Lion Air’s Crash Confirms Issues with the Carrier’s Safety Standards

Indonesia, air transport, low cost airlines, Lion Air

Monday morning crash of a Boeing 737MAX belonging to Lion Air raises questions about safety procedures at the low cost airline. Since its launching in 2000, Indonesia largest carrier has indeed a long history of crashes and accidents…

Lion Air is certainly one of Indonesia’s success story in air transport. Launched in 2000 with a
single leased Boeing 737-200, the carrier has grown to become the country’s largest carrier. The
Lion Air Group (which includes Lion Air, Batik and Wings) had a 51% market share on domestic
routes of a total of 96.8 million passengers in 2017. Lion Air alone represented 34% of all
passengers flown domestically. The airline’s network reaches 180 destinations served by a fleet
of 112 aircraft.

The airline gained global fame back to 2011 when it ordered 230 Boeing planes worth US$22
billion, Boeing largest order to date. This included 201 Boeing 737MAX, the aircraft
manufacturer’s latest model.

However, since its inception, the airline struggled with a troublesome safety record, raising
questions about its dedication to air safety in its operations. There is not a single month going
on without media reporting an incident involving Lion Air- fortunately most of the time without
any casualties. The low-cost carrier has multiple incidents in which planes have skidded off, run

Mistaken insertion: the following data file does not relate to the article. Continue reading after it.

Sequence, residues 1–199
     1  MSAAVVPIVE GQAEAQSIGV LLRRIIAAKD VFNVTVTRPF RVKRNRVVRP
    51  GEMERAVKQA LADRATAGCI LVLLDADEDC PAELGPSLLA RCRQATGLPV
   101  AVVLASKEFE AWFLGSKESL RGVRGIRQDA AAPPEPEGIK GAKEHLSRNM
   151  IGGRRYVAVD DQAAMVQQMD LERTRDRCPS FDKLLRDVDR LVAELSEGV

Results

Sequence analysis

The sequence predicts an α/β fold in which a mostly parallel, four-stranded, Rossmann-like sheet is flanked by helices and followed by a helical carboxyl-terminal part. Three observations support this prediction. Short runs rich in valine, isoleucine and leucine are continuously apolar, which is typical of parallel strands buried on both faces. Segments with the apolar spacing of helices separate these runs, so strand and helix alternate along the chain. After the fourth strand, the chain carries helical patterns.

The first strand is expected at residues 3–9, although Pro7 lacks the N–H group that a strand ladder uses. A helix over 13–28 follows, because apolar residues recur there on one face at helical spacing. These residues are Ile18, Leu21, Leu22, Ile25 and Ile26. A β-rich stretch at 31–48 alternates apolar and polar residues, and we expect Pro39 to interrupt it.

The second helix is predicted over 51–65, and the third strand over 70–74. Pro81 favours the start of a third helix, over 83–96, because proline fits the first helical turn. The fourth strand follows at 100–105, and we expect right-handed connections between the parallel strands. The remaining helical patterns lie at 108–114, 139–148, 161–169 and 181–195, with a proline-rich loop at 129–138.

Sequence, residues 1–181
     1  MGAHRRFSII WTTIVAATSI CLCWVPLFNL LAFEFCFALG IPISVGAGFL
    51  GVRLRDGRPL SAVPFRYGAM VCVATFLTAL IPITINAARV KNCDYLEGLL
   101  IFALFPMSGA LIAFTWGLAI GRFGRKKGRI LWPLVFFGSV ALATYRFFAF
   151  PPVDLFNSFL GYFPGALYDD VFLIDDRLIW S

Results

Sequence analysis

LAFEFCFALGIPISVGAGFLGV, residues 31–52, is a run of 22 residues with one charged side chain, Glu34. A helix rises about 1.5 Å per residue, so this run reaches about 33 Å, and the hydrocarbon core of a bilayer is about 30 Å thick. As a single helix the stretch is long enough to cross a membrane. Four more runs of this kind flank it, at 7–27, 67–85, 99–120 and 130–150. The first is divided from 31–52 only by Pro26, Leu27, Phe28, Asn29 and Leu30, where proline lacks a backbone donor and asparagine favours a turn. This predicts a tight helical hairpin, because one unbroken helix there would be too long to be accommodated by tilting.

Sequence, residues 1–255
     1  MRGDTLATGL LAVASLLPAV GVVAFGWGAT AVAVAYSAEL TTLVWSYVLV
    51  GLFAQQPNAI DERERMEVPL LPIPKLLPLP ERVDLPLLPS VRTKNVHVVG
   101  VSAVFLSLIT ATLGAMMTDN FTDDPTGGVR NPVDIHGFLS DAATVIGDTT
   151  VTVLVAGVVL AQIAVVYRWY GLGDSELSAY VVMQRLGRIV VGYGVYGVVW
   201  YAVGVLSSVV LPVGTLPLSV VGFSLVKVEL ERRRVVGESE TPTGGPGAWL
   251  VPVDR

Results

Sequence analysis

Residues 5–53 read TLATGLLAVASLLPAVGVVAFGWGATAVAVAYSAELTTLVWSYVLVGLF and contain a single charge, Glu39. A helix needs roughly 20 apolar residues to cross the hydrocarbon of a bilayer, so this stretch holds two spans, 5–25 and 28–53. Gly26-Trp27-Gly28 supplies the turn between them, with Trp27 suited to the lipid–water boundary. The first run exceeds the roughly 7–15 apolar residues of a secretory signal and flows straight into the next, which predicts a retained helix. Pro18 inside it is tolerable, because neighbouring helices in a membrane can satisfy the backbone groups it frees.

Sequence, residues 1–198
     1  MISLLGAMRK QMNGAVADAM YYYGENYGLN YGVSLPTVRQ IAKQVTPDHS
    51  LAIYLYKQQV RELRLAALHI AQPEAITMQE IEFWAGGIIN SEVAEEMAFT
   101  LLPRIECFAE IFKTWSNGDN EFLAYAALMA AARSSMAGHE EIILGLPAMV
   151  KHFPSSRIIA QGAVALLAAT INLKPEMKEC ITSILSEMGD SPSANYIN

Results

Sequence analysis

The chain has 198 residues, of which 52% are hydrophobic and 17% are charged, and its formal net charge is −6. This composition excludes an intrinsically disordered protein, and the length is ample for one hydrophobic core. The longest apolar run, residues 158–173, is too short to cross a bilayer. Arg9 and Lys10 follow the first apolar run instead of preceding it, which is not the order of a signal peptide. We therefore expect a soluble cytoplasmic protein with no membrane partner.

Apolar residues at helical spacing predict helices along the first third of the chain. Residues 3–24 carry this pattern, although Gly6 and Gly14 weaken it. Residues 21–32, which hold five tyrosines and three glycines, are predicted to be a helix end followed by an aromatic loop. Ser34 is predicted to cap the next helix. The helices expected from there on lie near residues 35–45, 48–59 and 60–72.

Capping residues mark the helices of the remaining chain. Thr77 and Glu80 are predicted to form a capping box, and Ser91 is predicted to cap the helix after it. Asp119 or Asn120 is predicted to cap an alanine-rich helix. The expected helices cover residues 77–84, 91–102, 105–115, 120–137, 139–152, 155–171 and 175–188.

off or overrun airport runways.

Not to mention one of the worst punctuality of any airlines in Indonesia. Passengers regularly
complain about lengthy delays but as the carrier offers some of the cheapest fares on the
market –and is often the only one to fly some secondary routes, travellers continue to use Lion
Air.

The carrier has also experienced a string of casualties.

In 2004, a Lion Air jet crashed in Central Java Province, killing 25 people. In 2002, one of its
planes crashed on takeoff in Riau Province on Sumatra Island, and in 2006, a Lion Air jet crashed
after landing in Yogyakarta, in Central Java, although no one was killed in the 2002 and 2006
incidents. In 2013, a Lion Air aircraft crashed into the water after an attempted landing in Bali.
The aircraft’s fuselage split in two and some passengers were forced to swim to safety – but
everyone survived. Two passengers were seriously injured after an aircraft’s tail struck the
runway in Bali in 2014 while in 2016, an aircraft overrun the runway at Surabaya airport. In
April 2018, a Boeing 737-800 collapsed after a landing in heavy rain.

Worrying is the fact that the aircraft which crashed on Monday was brand-new. Lion Air took
delivery in August of its Boeing 737MAX which is replacing its oldest aircraft. The carrier already
received 11 aircraft of this model. Lion Air Boeing 737MAX had only 800 hours of flight time. If a

brand-new aircraft has a technical issue after being put in service, this is generally due to
teething problems. They generally can be easily resolved within the first days of operation.
Lion Air CEO Edward Sirait confirmed on Monday that the aircraft in question had an
unspecified “technical problem” during its previous rotation between Bali and Jakarta but the
issue had been “resolved according to procedure”. He however refused to be more specific
over the “technical problem”.

Even in the case of serious problems, a brand new aircraft could make a safe emergency landing
on the water. First analysis of the aircraft flight after starting showed an erratic course while
eyewitnesses talked of an aircraft which abruptly plunged into the sea. The aircraft had left
Jakarta only 13 minutes before.

While inspectors will look after the black boxes of the aircraft and identify the accident’s cause, the Lion Air crash raises back again doubts over Indonesia’s safety in the skies. This could again a significant blow to Indonesia’s commitment to air safety.